James Franklin sheds light on the depth at running back

By Audrey Snyder/Pittsburgh Post-Gazette 1 day ago

One story line to keep an eye on as Penn State readies for camp is the position battle at running back.

Redshirt junior Akeel Lynch is the only player with any game experience and Lynch led the team in rushing last season after injuries and a sluggish offensive line gave way to a change in the backfield. Behind Lynch though is anyone’s guess. James Franklin is looking for a three deep and his options include the trio of redshirt freshmen scholarship backs in Nick Scott, Johnathan Thomas and Mark Allen as well as true freshmen scholarship backs Saquon Barkley and Andre Robinson. 

Barkley didn’t waste time impressing teammates once he arrived for workouts at the end of June. At 5-foot-11, 215 lbs. he’s built like a college ready running back --though teammates are quick to point out his baby face-- but will he be able to pick up the offense and particularly pass blocking quickly enough? 

“Saquon, the way he’s built is crazy already coming in like a freshman like that,” senior safety Jordan Lucas said. Due to Lucas’ class schedule he worked out with the freshmen regularly once they arrived. “His numbers in the weight room are ridiculous and he’s just a powerful kid. We watch him out there running when we do 7-on-7s and certain drills and he’s a very mature freshman so I’m impressed with him.”

Franklin said of the running backs Allen, the 5-foot-7, 181 pounder is one of the better pass protectors. Scott is a combination of Thomas and Allen while Robinson put together a high school campaign at in-state Bishop McDevitt that was one for the record books. 

Here’s Franklin’s take on the backfield and why he won’t yet rule out any freshman challenging for a key spot:


Audrey Snyder: and Twitter @audsnyder4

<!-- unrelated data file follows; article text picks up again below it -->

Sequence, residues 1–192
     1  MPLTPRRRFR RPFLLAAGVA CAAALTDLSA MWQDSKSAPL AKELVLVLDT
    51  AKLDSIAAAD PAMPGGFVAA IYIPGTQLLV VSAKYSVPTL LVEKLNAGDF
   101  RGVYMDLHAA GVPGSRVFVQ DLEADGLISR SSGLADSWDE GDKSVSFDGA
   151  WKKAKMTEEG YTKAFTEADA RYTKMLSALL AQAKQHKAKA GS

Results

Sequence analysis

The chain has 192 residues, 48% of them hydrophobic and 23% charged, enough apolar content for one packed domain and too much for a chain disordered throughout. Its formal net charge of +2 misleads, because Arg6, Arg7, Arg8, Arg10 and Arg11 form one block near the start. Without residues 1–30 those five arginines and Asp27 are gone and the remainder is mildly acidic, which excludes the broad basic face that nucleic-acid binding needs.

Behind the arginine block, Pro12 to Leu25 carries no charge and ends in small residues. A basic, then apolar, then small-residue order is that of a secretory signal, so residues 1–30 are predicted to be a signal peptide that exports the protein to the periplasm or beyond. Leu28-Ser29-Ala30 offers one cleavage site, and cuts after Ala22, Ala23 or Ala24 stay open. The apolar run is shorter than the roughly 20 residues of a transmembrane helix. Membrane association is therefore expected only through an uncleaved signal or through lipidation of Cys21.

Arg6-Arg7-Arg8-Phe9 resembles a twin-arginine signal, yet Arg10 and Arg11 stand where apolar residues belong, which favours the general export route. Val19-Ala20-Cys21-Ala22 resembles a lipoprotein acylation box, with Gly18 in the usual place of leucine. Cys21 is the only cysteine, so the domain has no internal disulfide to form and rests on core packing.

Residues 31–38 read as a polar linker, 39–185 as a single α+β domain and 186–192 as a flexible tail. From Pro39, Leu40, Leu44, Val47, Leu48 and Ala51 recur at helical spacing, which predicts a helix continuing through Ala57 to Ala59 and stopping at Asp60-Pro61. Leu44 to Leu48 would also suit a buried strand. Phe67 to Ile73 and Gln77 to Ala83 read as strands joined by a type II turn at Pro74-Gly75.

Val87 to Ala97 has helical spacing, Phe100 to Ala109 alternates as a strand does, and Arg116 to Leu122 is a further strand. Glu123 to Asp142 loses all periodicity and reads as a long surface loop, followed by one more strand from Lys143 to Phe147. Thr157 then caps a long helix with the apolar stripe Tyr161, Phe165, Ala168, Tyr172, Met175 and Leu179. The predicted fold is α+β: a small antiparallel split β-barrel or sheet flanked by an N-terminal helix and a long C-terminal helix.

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Balancing act: Athletic Director Sandy Barbour on Penn State's schedule

By Audrey Snyder/Pittsburgh Post-Gazette 1 day ago

Penn State athletic director Sandy Barbour has a balancing act to complete as Penn State works to complete future football schedules.

Beginning in 2016 the Nittany Lions play nine conference games per season, making it a challenge to fit in various non-conference games. A potential continuation of the series with Pittsburgh was among the topics Barbour discussed in Chicago at Big Ten media days, and striking a balance between competitive non-conference games to attract crowds and giving the team the best shot to keep an unblemished record is also part of the plan.

How will Barbour try to make it all work? Hear from her below:


Audrey Snyder: and Twitter @audsnyder4

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Kyle Flood downplays a rivalry with Penn State

By Audrey Snyder/Pittsburgh Post-Gazette 4 days ago

CHICAGO — Last year Kyle Flood referred to Penn State as “the school in Pennsylvania,” but Friday morning at Big Ten media days the Rutgers’ head coach wasn’t pushing to create a rivalry.

“I know it’ll be a great environment out there,” Flood said about his team’s Sept. 19 game at Beaver Stadium, the Nittany Lions’ first night game of the season. “They’ve got a very exciting fan base, so we’re looking forward to that game, but we’re not looking at that game right now because we’ve got two that we’ve got to play before it.”

Last season the Nittany Lions beat Rutgers, 13-10 in Piscataway, N.J. and given Penn State’s recruiting success in New Jersey Flood shed light on the three keys that could lead to a Penn State-Rutgers rivalry.

“Geography. Certainly the geography is there,” Flood said. “Recruiting. Do you have players in both programs that were recruited by both schools? We do, certainly the case. And then competitive football games, which we had last year.

“Is it the start of something like that? It might be, but I think those things have to happen organically, I don’t think you can create them.”

Audrey Snyder: and Twitter @audsnyder4

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Maryland's Randy Edsall on recruiting against Penn State, creating a rivalry

By Audrey Snyder/Pittsburgh Post-Gazette 4 days ago

CHICAGO — Penn State’s 20-19 loss to Maryland last November continues to be one of the Terrapins’ largest bargaining chips as they move forward on the recruiting trail.

The win was Maryland’s second all-time against Penn State and the team’s first ever win in State College. Beyond the non-handshake during the coin toss that created a stir, Maryland coach Randy Edsall said the win continues to help as the Terrapins as they move forward in the Big Ten.

“I think it showed kids in our area that we can compete with them and that we can win,” Edsall said Thursday at Big Ten Football Media Days. “Kids look at that. High school kids look at that. Penn State has always had a niche for being able to come down to Maryland and take players up and we knew if we wanted to get some recruits we’d have to beat them on the field.”